Lightning History

Lightning have always been a fascinating danger for humans, even when it comes to the mythical areas and beliefs – there are more than 50 ‘gods of thunder’. In the 18th century research in this area first started century when Benjamin Franklin conducted experiments about electricity in thunderstorms, with his kite experiment being the most famous. His work paved the way for this research around the world.

In the 19th century, spectrometry and photography became exciting new tools for this research, but it was replaced in the 1970s when electric and magnetic field measurements began as the new era in lightning research. Lightning is an atmospheric phenomenon that has been studied extensively, however many questions remain unanswered. Extensive research around the globe has resulted in answers to many of these questions and provided insights into the science.

South Africa made some significant contributions to the resreach and knowledge of research with big names like Schonland, Anderson, Proctor, Eriksson, Malan and Geldenhuys being internationally recognised for their contributions in this scientific area.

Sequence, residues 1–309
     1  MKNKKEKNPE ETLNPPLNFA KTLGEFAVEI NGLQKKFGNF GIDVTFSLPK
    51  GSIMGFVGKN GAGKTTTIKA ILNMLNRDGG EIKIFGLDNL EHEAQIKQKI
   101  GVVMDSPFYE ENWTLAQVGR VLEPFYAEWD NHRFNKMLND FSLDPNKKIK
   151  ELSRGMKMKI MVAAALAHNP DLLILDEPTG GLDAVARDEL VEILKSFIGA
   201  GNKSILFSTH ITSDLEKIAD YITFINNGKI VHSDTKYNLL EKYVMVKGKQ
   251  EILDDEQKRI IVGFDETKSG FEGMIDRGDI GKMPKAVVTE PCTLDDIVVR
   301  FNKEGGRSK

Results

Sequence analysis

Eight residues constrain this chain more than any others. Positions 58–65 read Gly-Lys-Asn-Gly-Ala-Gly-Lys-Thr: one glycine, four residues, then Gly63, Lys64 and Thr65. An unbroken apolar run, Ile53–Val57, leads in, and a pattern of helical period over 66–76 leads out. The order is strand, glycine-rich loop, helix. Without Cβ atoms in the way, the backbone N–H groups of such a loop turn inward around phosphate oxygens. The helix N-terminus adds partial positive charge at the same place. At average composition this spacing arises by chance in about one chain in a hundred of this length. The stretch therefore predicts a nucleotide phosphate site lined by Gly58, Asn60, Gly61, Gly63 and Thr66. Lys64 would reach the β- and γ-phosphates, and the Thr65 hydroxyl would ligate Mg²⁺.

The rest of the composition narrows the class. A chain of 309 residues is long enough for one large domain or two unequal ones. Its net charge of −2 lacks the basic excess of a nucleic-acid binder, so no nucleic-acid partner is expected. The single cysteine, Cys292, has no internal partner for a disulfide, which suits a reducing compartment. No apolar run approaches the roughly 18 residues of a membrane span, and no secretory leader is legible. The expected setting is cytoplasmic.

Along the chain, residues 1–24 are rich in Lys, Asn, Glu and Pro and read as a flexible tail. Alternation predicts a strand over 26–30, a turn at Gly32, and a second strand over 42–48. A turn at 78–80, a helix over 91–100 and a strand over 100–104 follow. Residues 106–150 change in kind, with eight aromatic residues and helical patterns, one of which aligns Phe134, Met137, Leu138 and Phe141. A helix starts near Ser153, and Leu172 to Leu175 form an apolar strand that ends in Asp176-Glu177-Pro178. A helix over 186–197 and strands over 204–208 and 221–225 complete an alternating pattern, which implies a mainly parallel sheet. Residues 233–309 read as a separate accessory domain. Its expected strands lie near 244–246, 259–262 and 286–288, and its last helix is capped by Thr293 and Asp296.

Initial studies was conducted at the Council for Scientific and Industrial Research (CSIR), which also operated a network of about 400 lightning flash counters. The information from these flash counters were used to produce the first flash density map of South Africa which could be used to get an idea of the distribution of lightning across the country and was used up until recently for lightning safety standards. The CSIR also operated a 60m high lightning research mast in Pretoria for 15 years from which direct measurements of lightning discharges could be made.

Eskom, the major power utility of South Africa, operated a network of six Lightning Position and Tracking System lightning sensors that was mainly used for the monitoring of power lines and the correct distribution of the infrastructure.

It was not until 2005 that the South African Weather Service installed a state of the art lightning detection network (SALDN) across the country, which enabled South Africa to detect cloud-to-ground strikes with great accuracy for the first time. This new detection network can detect 90% or more of all cloud-to-ground strikes and accurately position a stroke within 500 meters. This new network of sensors paved the way for new research in South Africa.

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